- 31 Jan 2018 8:40 AM
After the previous year’s difficulties, both webshops and logistics providers took stock of the situation and strove to avoid the recurrence of the issue at the end of 2017. All stakeholders were watching the performance of domestic webshops and courier services with high expectations, indicates the latest survey by eNET Internet Research conducted in December and January.
Underperforming Black Friday – 5 million Christmas buyers
Fewer adult Hungarian Internet users claim to have bought goods in last year’s Black Friday offers than a year before; their number went down from 2.1 million in 2016 to just 1.7 million last year, even though a survey conducted before Black Friday had found that twice as many people planned to jump at the discounts in those days.
The sales volume lagged behind the expectations, too; Black Friday had been expected to bring HUF 120 billion (~EUR 0.39 billion) in sales, whereas the actual figure was only half of that.
One reason could be that half of customers found limited Black Friday discounts both in physical stores and webshops, and 10% reported only negligibly lower prices. In fact, a minority of 7% (equalling 2% of adult Internet users) claimed that the discounts were not based on the latest prices but on previous (higher) prices.
Nevertheless, this did not deter people from buying goods in the Christmas season.
At the end of last year, 90% of adult Internet users purchased Christmas presents online (3.7 million) or offline (4.9 million), forking out HUF 234 billion (~EUR 0.76 billion) in total. About 42% of that amount (HUF 98 billion, ~EUR 0.32 billion) was spent online, and 58% (HUF 136 billion, ~EUR 0.44 billion) was paid out in offline shops.
Post and webshops focused on timely delivery
Webshops and logistics providers took various steps to avoid delivery problems last year. For example, they increased the normal delivery periods and fees, and limited certain posting and delivery options.
But what did online shoppers before Christmas actually perceive? Two thirds of adult Internet users heard about the measures taken by the Hungarian Post before the Christmas holidays. Many of them considered these steps fair (40%) and effective (38%).
But it wasn’t only the Hungarian Post who prepared for the festive season but almost all delivery companies. Still, some online buyers could no longer order their goods with pre-Christmas delivery, and delayed their orders from foreign webshops to the period after Christmas.
Their share was 14% and 13% of online Christmas shoppers, respectively. And one in five people found unusually high fees charged for pre-Christmas delivery. A slight majority (52%) of those who had heard about the measures aimed at addressing delivery bottlenecks said that those steps failed to fully resolve the issue in themselves.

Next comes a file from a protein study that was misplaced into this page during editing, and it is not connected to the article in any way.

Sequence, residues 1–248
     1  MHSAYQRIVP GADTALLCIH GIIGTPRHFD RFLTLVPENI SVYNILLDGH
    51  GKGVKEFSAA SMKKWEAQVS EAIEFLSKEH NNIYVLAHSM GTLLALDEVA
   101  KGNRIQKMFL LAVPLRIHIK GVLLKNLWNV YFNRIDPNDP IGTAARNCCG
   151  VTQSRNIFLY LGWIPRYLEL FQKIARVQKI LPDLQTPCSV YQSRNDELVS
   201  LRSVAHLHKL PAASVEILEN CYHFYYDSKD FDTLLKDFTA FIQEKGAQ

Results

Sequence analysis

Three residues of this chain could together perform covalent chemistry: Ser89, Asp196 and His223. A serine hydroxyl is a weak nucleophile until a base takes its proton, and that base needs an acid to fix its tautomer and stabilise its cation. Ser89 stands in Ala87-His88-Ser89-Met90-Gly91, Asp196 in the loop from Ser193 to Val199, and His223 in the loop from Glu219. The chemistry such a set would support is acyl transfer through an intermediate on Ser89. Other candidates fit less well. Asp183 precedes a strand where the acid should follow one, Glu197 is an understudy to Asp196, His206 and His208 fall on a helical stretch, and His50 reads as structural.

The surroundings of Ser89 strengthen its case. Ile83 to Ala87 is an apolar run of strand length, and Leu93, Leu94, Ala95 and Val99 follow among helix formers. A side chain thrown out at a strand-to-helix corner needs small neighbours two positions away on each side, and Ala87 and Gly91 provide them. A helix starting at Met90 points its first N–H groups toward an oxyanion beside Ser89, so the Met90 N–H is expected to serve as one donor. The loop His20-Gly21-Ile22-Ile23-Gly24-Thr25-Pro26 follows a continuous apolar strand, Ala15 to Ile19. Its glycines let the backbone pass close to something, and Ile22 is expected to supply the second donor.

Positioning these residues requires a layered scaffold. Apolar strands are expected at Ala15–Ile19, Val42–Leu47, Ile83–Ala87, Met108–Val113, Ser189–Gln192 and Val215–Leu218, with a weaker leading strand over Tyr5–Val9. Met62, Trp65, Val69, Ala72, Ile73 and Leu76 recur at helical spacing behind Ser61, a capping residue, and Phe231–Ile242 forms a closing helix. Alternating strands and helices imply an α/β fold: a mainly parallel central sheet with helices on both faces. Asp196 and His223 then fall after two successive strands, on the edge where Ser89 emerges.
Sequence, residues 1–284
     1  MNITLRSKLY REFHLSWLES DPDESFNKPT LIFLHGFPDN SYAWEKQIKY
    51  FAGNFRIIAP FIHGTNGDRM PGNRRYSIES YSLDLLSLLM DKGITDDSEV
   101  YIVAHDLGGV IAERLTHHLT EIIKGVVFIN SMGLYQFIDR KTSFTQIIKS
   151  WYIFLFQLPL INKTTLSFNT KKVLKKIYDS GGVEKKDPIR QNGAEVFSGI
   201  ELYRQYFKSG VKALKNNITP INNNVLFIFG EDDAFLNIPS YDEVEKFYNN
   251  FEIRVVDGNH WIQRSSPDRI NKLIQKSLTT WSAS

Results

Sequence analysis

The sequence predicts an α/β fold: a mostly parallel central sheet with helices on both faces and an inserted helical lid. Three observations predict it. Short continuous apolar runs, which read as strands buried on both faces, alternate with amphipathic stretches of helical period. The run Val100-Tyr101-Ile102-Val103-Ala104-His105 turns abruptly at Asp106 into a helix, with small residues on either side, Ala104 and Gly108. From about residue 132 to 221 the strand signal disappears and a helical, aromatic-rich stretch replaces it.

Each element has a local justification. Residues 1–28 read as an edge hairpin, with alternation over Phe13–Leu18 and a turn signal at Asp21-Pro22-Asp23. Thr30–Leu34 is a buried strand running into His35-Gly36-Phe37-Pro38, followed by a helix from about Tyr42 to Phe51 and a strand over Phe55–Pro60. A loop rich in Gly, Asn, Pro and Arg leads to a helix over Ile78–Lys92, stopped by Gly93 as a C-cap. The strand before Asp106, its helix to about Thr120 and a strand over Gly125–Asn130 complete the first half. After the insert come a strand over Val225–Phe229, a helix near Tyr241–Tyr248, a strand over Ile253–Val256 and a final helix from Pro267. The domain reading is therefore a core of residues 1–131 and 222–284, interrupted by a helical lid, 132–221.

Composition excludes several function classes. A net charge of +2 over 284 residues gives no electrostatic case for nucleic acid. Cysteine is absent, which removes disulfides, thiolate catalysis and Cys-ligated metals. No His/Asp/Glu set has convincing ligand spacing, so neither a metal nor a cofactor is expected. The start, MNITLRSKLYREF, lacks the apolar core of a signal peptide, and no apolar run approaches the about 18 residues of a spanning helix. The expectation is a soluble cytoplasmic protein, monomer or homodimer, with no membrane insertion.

Plenty of late deliveries again
In the 2017 Christmas season, fewer people received their parcels late than one year earlier. Some 800,000 online buyers got their goods late from couriers or at delivery points / parcel dispenser machines, while this figure had been 900,000 a year earlier. But the delays were shorter than in 2016, decreasing to on average of four (from on average of five) days. Still, 13% of customers (up from 12% in 2016) were still waiting for their parcel in the first week of January.
As before, those who suffered delays blame webshops and courier services to an equal extent. The delays and limitations did not change most people's (65% compared to 61% a year earlier) views of online shopping. About 27% (just as a year before) claimed that they would make their purchases earlier, 7% (11% in 2016) will no longer order goods in the festive season, and a mere 1% (the same ratio as a year before) said that they would never again buy anything over the Internet.
Not so big bang
For several years now, Black Friday ushered in the Christmas season. But last year’s Black Friday turnover lagged behind the volume registered in 2016 or projected before the shopping season. This is attributable to meagre Black Friday discounts as well as delivery limitation measures.
But it’s also possible that Hungarian online shoppers were more careful after the previous year’s experiences and the widely reported complaints, and brought their purchases forward.
Despite the delays, the 2017 Christmas season was not plagued by as severe delivery problems as the year-ago period. After the lessons learned in 2016, most online shoppers accepted that items ordered just before Christmas could arrive late. This was no longer news and caused no further measurable uproar, despite the fact that the normal delivery periods were once again frequently exceeded.
On the other hand, the steps taken to prevent delays did concern people. Feedback indicates that these measures curbed e-tail trade in the Christmas season as fewer potential customers ordered goods. In previous years, 30-31% of the total annual online trade volume had been realised in that period of the year (1 November to 31 December). Last year’s figure will not be known until May 2018 because of the need for final balance sheet data.
Year-end developments indicate that both webshops and economic players would do well to find long-term solutions to the challenge posed by the increasing number of online orders towards the end of the year. Logistics should better support the dynamic growth in online trade, and thus improve customer satisfaction.